I've actually had off work this week for the first time in a very long time. So, I've decided to look back over when I was a student teacher and reflect on what went wrong and what went right.
My Student teaching days
I student taught 12th grade Economics in a low socioeconomic part of the district. Some of my students had jobs to help pay for their parent's bills and others just had a less than ideal home life. That being said, however, I loved all of my kids. There were days that were rougher than others, but the good days always trumped the bad ones.
The one thing that I have thought about numerous times since my student teaching days, about 2 years ago, was how my co-op teacher and the other teachers graded student's notebooks. The classroom that I was in was shared between my cooperating teacher and another teacher, both of which required students to have spirals with notes and glued assignments to be graded later. All the binders from all classes from both teachers were "organized" into stack-able bins one on top of another. Of course, some of the classes had close to about 30 students, which when they are all piled into the bins, they tend to fall over or fall out.
That was a issue for me on a weekly (if not daily) basis. I had spirals go missing, one student accused another student of stealing their's, and not to mention they would occasionally fall apart from wear and tear. When it came time to do the grading, it took a very long time just to go through one by one and make sure that everything was in place. Besides the fact that they weighed 5 tons, it was always a uphill battle to keep these things around. When my student teaching was done, I said to myself that there has to be a better way to do this.
Use Livebinders instead
The school that I student taught at wasn't up-to-par when it came to educational technology or using it in the classroom. However, when I finally get my own class, I know the solution to this problem...Livebinders.
Livebinders is a amazing tool to utilize in and out of the classroom. It provides the means of gathering and organizing content in a streamlined website at livebinders.com. Of course, the first thing that I thought about was the fact that I taught in a lower economic part of the district--but I don't buy the whole "we don't have the money" excuse to not have these tools in the classroom. For starters, Livebinders are free--they will not cost the students/parents/teachers one dime--so money is not a factor when using Livebinders.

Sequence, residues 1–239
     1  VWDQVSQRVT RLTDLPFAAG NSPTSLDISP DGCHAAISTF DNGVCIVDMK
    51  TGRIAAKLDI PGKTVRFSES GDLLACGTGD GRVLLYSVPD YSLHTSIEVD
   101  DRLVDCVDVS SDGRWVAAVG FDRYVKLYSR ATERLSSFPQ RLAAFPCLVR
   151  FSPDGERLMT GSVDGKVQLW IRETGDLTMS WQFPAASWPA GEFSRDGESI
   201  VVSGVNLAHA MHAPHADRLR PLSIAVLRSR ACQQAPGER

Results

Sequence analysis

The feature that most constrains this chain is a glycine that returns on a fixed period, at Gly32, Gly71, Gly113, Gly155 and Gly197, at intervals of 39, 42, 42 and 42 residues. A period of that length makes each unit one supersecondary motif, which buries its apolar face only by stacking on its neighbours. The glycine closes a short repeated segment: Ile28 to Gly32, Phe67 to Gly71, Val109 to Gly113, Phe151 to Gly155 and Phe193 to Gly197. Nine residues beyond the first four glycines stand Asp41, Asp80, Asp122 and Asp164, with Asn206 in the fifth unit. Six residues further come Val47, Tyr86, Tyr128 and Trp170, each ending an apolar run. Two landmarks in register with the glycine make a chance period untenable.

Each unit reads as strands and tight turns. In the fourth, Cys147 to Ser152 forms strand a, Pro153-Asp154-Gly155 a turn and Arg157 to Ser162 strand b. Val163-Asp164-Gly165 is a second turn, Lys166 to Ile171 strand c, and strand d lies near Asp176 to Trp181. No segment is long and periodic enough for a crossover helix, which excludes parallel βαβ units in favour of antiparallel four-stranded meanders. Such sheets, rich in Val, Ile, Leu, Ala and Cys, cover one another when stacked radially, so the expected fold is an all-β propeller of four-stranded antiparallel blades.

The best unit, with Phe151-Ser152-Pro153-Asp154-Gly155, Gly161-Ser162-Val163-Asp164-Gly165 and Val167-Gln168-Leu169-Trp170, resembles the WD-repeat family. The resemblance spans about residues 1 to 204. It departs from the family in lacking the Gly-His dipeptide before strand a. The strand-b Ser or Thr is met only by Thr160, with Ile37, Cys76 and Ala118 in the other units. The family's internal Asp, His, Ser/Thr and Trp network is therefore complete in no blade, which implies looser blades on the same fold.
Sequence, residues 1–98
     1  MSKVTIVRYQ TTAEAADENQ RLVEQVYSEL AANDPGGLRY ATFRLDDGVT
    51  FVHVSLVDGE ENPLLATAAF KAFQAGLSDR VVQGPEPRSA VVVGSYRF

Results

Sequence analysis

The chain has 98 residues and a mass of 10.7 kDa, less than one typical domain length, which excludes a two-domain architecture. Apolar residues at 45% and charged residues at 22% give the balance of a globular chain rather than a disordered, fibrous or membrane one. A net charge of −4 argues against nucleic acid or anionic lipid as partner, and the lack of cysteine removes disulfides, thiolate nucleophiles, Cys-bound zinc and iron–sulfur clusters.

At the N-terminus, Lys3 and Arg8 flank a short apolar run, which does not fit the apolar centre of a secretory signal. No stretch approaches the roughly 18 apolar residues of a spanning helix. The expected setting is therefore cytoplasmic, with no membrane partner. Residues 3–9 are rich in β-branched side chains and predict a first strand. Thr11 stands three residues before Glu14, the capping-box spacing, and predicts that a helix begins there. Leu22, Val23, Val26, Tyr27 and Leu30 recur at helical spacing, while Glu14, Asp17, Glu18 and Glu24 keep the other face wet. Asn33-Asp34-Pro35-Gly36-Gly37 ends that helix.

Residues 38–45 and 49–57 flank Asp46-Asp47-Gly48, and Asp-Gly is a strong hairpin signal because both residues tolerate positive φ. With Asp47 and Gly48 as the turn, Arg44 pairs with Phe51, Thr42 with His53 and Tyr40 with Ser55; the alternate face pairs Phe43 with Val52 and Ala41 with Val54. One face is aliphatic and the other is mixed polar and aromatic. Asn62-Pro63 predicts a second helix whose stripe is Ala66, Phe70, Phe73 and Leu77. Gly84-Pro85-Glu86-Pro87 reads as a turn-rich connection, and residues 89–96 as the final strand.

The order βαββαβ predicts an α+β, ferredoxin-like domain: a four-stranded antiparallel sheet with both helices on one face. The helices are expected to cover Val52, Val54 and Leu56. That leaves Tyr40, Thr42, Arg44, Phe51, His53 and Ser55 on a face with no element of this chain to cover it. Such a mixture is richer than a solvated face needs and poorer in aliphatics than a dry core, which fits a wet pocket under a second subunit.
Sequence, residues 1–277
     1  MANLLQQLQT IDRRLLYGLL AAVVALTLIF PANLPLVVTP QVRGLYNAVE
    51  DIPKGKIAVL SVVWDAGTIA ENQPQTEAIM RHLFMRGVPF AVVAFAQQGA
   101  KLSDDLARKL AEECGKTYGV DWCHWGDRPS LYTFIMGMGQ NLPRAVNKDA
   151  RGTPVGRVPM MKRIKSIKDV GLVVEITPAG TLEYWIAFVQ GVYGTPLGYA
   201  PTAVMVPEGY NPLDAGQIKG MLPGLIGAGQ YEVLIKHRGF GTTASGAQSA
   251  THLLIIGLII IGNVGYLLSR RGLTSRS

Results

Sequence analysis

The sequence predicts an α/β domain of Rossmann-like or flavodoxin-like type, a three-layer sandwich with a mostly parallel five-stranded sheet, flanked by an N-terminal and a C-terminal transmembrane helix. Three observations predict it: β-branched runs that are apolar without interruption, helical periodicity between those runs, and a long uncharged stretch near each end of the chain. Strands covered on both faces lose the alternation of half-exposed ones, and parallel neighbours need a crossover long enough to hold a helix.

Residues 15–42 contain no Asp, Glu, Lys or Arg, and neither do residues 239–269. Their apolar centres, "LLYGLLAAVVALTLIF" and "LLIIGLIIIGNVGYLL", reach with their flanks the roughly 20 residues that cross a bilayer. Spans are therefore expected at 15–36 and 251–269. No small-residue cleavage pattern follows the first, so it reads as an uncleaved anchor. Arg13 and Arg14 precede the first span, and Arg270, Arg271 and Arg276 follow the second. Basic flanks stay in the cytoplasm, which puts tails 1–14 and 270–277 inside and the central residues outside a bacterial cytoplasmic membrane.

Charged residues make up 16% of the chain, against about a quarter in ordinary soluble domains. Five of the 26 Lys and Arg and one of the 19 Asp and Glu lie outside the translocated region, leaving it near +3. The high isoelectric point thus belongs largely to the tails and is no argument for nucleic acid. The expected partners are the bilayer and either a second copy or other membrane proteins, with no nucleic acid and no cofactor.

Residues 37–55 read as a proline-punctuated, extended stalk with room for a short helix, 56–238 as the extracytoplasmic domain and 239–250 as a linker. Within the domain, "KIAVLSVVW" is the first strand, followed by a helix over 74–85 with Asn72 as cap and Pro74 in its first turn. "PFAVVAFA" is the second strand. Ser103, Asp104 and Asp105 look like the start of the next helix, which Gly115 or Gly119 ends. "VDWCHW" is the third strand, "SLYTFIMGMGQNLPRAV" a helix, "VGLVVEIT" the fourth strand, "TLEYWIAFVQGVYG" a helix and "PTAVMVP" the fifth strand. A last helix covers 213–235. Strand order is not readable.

Combine Evernote with Livebinders
Secondly, some might ask how exactly do you get the student's notes into their livebinder? The suggestion I would have is simple--use Evernote. Evernote is another free service that makes organization a breeze. Sure, you can have students scan there notes on a scanner, save it on a flash drive, have them upload it to their computer or a library computer, save it to their computer file, and then finally upload it into their livebinder, or you can just use Evernote. Let's look at that procedure again with Evernote: Use a Lexmark smartsolution printer (about $80.00) that is connected to the student's Evernote accounts, have them scan their notes, upload to Evernote from the scanner, get the unique URL from the Evernote note, and insert into their Livebinder--a lot simpler right?
But what, you might ask, if you can not afford the scanner? Students have cell phones--99% of my students had them in class, so I don't see that being a issue of students not having them at all. With their cell phone/smart phone, they can scan their notes directly into Evernote via the Evernote app. They can now get to a computer, grab the link, and insert it into their Livebinder.
Making grading easier
Now that you have students upload their notes into their Livebinder, you can easily access the student's livebinder and grade accordingly. Students can have tabs in their Livebinder, named "Class Notes", for easy organization. They can upload the scan into a subtab of the "Class Notes" tab with the title of the notes or even the date. No 5 tons of paper to sort through, no missing spirals, etc. This isn't the end-all solution to this problem, however, I would much rather do grading this way compared to dealing with student's actually hard copy notes. This is just a suggestion that might make things easier in the classroom.